Standard 157 led to mark-to-market accounting in which banks value securities according to market prices. The problem is that, right now, there is no market. As a result, regulators have made it easier for companies to use the level-three disclosures. And though investors don't like level-three disclosures because of the wider use of estimates, it's a legitimate accounting tool, especially in a nearly frozen credit market, Shakespeare says. But many banks have called for the suspension of mark-to-market accounting
One of three new decisions issued by the FASB recently has Shakespeare concerned. The FASB didn't suspend mark-to-market accounting, Shakespeare says, but it did relax the standard some. An investor group decried the measure, but it was hailed by the banking trade group.
The new interpretation allows companies and banks to use more judgment to value assets for what they would fetch in an orderly sale instead of a distressed sale. When losses are recorded, it allows the company to record only the credit loss on the earnings statement. The rest of the market value decline can be marked in the "other comprehensive income" category.
The FASB did add some disclosures that will help investors determine how the bank arrived at its values, but Shakespeare thinks the new guidance does an end-run around bank regulatory rules. That's because the new guidance affects the earnings statement, which helps set a bank's capital requirements.
"By changing the accounting rules they are, in effect, changing the regulatory capital rules so the banks don't look as distressed as they actually are," Shakespeare says. "What we should be doing is fixing the bank regulations."
Research Raises Red Flags
Shakespeare's research has illuminated some areas of concern even before the recent change. She studied whether investors were able to use disclosures to distinguish if a securitization should be considered more of a sale or a collateralized borrowing. She found they really can't.
Her other area of study focused on how corporate managers treat securitizations. She found the majority of transactions occur in the last five days of a quarter because most securitizations qualify for the gain-on-sale treatment.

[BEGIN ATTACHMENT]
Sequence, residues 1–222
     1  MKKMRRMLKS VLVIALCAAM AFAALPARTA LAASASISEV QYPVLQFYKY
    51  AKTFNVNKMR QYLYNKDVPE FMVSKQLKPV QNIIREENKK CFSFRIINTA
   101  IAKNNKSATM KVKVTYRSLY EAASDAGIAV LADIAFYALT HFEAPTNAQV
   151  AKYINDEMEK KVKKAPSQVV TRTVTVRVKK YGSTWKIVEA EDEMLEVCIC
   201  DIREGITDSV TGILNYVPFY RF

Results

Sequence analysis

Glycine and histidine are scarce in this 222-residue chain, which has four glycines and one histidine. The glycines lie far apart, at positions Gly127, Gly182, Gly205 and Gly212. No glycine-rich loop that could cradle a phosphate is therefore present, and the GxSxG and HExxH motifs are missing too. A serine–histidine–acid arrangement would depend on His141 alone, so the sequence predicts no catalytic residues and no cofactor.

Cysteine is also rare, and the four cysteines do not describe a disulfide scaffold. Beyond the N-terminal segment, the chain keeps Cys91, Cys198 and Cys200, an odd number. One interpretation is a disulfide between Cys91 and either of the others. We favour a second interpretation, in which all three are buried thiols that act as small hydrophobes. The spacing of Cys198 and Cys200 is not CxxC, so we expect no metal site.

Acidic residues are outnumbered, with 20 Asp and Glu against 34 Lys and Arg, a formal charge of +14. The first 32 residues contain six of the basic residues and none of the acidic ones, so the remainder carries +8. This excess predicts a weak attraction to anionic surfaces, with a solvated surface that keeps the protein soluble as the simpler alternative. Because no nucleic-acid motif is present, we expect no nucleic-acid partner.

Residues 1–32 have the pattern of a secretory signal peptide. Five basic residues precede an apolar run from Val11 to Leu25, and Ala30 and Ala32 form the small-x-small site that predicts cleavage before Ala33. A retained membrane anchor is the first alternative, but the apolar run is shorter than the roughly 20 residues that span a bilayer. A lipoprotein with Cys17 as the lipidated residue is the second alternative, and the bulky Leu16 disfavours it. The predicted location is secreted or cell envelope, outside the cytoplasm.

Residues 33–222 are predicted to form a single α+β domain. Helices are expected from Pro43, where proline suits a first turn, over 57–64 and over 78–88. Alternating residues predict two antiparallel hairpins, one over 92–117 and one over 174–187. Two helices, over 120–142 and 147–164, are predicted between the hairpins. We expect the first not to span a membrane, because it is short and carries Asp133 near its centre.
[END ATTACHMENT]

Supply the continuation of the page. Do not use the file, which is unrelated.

Often the valuations were at the favorable end of a range and had the effect of improving quarterly earnings.
"It's very hard for the auditors to disagree with them as long as the assumptions are within a reasonable range," Shakespeare says. "So we have looked at whether the gains are manipulated and, yes, they are. They are managed to smooth earnings."
More recently, Shakespeare has looked at the gains on securitizations and how they relate to executive compensation. A reported gain is not necessarily recognized as cash on the date of securitization, and the research suggests some CEO pay might have been inflated.
Putting the Toothpaste Back In the Tube
The big problem now is that banks are reporting huge write-downs because they're unable to sell these securities in the market without taking a significant loss. Any bank that originated, sold, or holds mortgage-backed securities is vulnerable to big write-downs in their value, weakening their regulatory capital.
But Shakespeare advocates more fundamental changes than the recent FASB decision provides, ones that would give investors better information and still be fair to companies originating and holding these securities. The measures would face political hurdles, but she thinks they represent a better solution to a difficult problem.
First, she thinks income statements in quarterly and annual reports should be changed to reflect true cash earnings and the reported gains and losses from financial instruments.
"It's a little simplistic to think we can summarize the whole of a company's operations into one number," she says.
Regulators are now considering changes to FASB Standard 140, which allows companies to take these instruments off their balance sheets if they qualify for gain-on-sale accounting. One thing regulators should consider is what she calls a "linked presentation." That would bring these assets onto the balance sheet but link them with the corresponding liabilities so that what shows at the bottom is the net effect instead of the gross positions that produce some of these staggering numbers.
"Normally, we keep assets and liabilities gross and separate," Shakespeare says. "If you put them together, you would just see the net positions; the disclosures would allow you to figure out what the gross positions are."
It's still unclear what form new regulations ultimately will take. But no one can argue against the need for continued research and analysis to address some of these issues that now bedevil accountants.
"I see my work, hopefully, providing some guidance to the regulators about how we need improved transparency," Shakespeare says. "I think it educates people about the weaknesses in financial statements. I teach my MBAs how to understand securitizations, how they're reported in financial statements, what they say and don't say, and what they should be looking for."
For more information, contact:
Bernie DeGroat, (734) 936-1015 or 647-1847, firstname.lastname@example.org